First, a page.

Single malt whisky - tasting notes

12 Sep 2011

GlenDronach 1990 (cask #1032)

Tasting notes by Ruben Luyten - Posted in GlenDronach

Our next GlenDronach single cask was filled in 1990. A Pedro Ximénez sherry pucheon just like the 1989 cask #2917.


GlenDronach 1990 cask 1032GlenDronach 20 yo 1990 (50,1%, OB 2011,
PX sherry puncheon #1032, 728 btl.)

Nose: this one seems a bit duller and flatter than the 1989. It has more typical, sticky Pedro Ximénez elements with dried fruits and moscovado sugar. Dark polished wood. Some leather. Thick and jammy (blackberry or plum jam). Mouth: sweet cocoa flavours. Almonds and honey. Red fruit candy. Plums. Different types of jam again. Spices are quite delicate, and there’s not a lot of wood. Some sweet tobacco. Sweetness all over actually. Finish: still quite sweet and rounded, medium long.

This 1990 may be a more coherent package than the 1989, but you have to like a sweet and sticky malt. Rather faultless but slightly overdone for me. Around € 120.

Score: 84/100

GlenDronach 1990 (cask #1032) 3 Ruben Luyten 2011-09-12
  • Pippo

    Hi Ruben – I’ve seen that most of these new Glendronachs are available as samples from
    I take the chance to ask you a question about the “life” of a sample, I mean: how long do you keep your samples before trying them? I ask you that because I sampled some whisky from bottles that I knew well, and I’ve noticed that after a while (few months, usually, so not that much… and they were definitely well-sealed) they kind of lost something. Do you think that spending time in those cute little bottles affects in some way the whisky?
    Thank you, and – of course – thank you for your reviews!

  • Ruben

    Hi Pïppo, indeed I also bought my samples from This is a very interesting problem of course. In the case of recent releases, I usually review them very soon, let’s say within 1-4 months. In the case of older (unavailable) bottlings, there’s no hurry and some of my unopened samples have been bought / exchanged two or three years ago.
    I do imagine samples loose some of their qualities over time and oxygen is probably the most important element. On one hand I expect the sealing screwcaps of sample bottles to be more efficient than most bottle caps / corks, on the other hand the amount of oxygen inside is relatively big compared to the sample bottle itself. I’m not sure about the actual influence and time frame but I’ve never been surprised when comparing a sample to a full bottle and I’ve never detected big differences.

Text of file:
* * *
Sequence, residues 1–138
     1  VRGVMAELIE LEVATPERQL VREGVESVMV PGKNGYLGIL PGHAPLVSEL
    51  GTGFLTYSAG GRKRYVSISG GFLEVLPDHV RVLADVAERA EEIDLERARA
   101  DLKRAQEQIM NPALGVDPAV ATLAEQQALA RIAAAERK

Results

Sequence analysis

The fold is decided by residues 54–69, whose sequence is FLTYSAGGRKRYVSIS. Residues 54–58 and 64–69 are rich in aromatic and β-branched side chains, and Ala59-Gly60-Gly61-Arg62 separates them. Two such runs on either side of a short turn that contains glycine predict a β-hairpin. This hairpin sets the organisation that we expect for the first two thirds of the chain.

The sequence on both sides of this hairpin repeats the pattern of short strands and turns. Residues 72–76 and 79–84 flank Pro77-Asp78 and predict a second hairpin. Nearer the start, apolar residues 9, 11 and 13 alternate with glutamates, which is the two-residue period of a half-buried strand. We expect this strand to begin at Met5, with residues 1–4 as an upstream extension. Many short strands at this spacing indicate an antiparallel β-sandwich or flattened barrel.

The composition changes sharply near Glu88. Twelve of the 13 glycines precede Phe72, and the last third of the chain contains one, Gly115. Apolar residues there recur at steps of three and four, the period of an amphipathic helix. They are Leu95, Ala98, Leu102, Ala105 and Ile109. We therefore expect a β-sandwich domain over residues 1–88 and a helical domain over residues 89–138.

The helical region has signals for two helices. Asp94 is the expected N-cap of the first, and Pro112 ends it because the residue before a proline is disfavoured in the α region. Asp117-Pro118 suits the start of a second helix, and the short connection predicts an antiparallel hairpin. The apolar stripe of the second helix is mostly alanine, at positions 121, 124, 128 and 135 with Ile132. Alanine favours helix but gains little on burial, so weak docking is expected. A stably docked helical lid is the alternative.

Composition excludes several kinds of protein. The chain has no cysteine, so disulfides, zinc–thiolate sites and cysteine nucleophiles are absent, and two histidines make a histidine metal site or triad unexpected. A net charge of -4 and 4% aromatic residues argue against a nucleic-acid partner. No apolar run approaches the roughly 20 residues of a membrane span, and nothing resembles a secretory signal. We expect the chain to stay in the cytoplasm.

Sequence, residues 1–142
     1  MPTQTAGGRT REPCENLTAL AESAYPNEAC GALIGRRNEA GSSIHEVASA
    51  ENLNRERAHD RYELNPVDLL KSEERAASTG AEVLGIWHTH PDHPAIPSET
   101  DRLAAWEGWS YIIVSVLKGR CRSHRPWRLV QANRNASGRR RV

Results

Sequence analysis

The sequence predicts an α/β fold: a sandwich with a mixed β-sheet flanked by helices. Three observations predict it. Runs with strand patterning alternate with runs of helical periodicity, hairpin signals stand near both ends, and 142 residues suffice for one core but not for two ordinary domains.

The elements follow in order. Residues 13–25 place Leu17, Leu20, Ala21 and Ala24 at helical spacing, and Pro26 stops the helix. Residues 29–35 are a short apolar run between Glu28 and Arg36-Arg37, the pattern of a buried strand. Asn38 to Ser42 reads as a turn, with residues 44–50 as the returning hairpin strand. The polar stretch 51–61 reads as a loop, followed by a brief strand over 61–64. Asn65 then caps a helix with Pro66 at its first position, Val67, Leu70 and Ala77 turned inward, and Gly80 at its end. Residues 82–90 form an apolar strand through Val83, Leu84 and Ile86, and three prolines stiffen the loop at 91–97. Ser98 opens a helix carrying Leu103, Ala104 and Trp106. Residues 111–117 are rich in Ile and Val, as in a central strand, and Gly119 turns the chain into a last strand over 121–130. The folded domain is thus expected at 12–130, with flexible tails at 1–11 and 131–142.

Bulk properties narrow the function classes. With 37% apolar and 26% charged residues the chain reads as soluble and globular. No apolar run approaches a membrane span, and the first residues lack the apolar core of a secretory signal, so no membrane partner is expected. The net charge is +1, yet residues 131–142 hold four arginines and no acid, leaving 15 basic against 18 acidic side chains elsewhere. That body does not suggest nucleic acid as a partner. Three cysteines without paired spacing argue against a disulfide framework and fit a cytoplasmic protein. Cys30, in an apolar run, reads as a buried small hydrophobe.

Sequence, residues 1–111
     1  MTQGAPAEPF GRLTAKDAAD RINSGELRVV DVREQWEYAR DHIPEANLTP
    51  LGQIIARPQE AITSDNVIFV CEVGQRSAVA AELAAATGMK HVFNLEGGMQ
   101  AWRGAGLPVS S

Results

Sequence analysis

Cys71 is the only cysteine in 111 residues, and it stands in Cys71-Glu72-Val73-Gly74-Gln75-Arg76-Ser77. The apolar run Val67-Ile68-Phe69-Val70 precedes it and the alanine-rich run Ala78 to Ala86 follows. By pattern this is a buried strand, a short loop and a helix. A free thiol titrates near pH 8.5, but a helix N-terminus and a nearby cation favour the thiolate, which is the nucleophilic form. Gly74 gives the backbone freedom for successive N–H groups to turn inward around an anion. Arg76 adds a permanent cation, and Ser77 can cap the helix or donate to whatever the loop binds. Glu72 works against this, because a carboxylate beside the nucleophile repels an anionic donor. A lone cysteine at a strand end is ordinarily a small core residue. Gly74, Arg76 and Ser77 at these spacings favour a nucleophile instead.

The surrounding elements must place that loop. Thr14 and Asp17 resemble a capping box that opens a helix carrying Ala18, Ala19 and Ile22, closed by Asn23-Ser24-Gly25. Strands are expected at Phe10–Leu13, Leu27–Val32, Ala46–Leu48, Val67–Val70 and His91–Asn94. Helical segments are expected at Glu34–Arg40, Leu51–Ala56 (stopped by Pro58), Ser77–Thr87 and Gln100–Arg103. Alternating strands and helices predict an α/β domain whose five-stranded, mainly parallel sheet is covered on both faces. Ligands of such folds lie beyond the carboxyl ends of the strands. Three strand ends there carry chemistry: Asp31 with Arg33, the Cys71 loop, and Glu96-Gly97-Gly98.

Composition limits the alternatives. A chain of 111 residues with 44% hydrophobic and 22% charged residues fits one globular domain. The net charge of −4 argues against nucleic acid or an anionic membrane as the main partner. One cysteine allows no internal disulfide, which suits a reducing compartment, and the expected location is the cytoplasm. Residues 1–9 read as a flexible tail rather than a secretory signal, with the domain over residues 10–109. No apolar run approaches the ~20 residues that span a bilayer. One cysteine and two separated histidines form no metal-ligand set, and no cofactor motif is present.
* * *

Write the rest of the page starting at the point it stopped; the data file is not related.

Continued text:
From a 3cl sample I even save 1cl in case I want to remember the whisky afterwards. This is not for reviewing purposes (I guess the changes are even bigger when the sample is full of air). But even with these leftovers I don’t notice major differences.
    Moreover, there’s ALWAYS a gradual change whether you have a sample or a full bottle. In fact GlenDronach bottles usually benefit from a little airing – they tend to fold open and get better when the the level is lowering. They may have lost something but they may have gained as well. So which point in time gives us the “true” profile and the perfect moment for evaluation? Tasting right after opening a bottle? Tasting after aeration for a few weeks? For a few months? Tasting after ten years in the cellar? This is probably a Platonic problem (the whisky cave), but personally I don’t think this whole issue is significantly deforming our perception.

    Anyway I would never claim a review is absolute, it’s always a personal snapshot of a certain moment in time. The possible deterioration from being sampled is not something I’m worried about… I tend to think our own perception, experience, mood and appreciation are much more volatile than the liquid itself.

  • Kian

    I decided to give these single cask releases a go this year and bought the 1990 px and the 1992 oloroso. The px was tasty enough but like you say a bit dull and a little bit of a dissapointment to be honest. although it may liven up as time goes on – hopefully. The oloroso was a different story entirely and an absolute beauty. I might have to grab the 17 YO while theres still some available.

  • Ruben

    I didn’t like the 17yo 1994 (worst of the batch for me) but indeed the 19yo 1992 is beautiful. I’ll post my notes tomorrow.

  • MARS

    Ordered 2 bottles yesterday. Hope I will get them(not sure). Ordered also a 1972.
    This time, I will pas my turn on the other release. It’s way too expesnive, especially for the 1971 (are they mad?).
    I wonder what will be the price for the 1968?

  • MARS

    2 bottles of the 1992, not this one!



November 2015
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Coming up

  • Lindores 2015 festival bottling
  • Amrut 2009 (cask #2701)
  • Glenlivet 1981 (#9468 for TWE)
  • Lagavulin Distillers Edition (2015)
  • Talisker Distillers Edition (2015)
  • Laphroaig 32 Year Old
  • Glen Grant 65yo 1950 cask #2747 for Wealth Solutions
  • Mortlach 1959/1960 (G&M Royal Wedding)

1932 notes by Ruben

WhiskyNotes - Ruben LuytenThis blog is my personal collection of impressions, written while searching for the ultimate single malt whisky.